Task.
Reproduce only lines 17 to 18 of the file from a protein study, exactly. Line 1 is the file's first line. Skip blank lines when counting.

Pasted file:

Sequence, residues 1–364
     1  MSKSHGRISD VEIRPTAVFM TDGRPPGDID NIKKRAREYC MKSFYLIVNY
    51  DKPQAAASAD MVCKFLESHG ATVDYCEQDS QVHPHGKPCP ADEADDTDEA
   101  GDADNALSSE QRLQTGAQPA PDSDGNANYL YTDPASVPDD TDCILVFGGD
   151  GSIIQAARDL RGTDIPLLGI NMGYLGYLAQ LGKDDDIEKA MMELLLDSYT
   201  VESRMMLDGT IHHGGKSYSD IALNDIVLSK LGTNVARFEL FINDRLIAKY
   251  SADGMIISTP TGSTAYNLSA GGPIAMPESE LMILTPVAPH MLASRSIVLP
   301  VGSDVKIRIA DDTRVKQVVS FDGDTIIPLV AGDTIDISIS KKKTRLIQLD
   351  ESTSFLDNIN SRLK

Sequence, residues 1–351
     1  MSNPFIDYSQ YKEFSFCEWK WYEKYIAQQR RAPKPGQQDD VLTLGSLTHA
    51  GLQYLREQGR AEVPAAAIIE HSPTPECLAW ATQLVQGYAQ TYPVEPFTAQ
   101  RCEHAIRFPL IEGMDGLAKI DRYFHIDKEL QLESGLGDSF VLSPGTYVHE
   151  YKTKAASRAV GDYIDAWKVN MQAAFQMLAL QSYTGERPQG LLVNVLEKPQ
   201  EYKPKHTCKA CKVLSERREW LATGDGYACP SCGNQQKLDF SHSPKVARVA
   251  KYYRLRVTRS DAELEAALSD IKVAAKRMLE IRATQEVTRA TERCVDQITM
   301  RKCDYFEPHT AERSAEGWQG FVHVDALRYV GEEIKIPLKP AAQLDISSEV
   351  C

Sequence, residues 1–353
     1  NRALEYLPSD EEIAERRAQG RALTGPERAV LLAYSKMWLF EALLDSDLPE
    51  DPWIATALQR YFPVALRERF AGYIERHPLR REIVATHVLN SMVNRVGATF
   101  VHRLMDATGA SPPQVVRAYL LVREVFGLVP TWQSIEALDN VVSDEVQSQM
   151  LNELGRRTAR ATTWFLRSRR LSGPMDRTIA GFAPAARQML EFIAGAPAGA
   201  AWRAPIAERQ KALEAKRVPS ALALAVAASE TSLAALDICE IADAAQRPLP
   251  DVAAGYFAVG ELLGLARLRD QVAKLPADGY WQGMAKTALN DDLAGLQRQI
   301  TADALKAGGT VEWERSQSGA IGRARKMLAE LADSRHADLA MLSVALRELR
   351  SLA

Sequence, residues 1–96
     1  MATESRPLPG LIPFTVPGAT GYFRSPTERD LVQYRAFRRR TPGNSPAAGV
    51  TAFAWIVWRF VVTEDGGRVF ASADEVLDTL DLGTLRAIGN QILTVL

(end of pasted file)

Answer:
   301  RKCDYFEPHT AERSAEGWQG FVHVDALRYV GEEIKIPLKP AAQLDISSEV
   351  C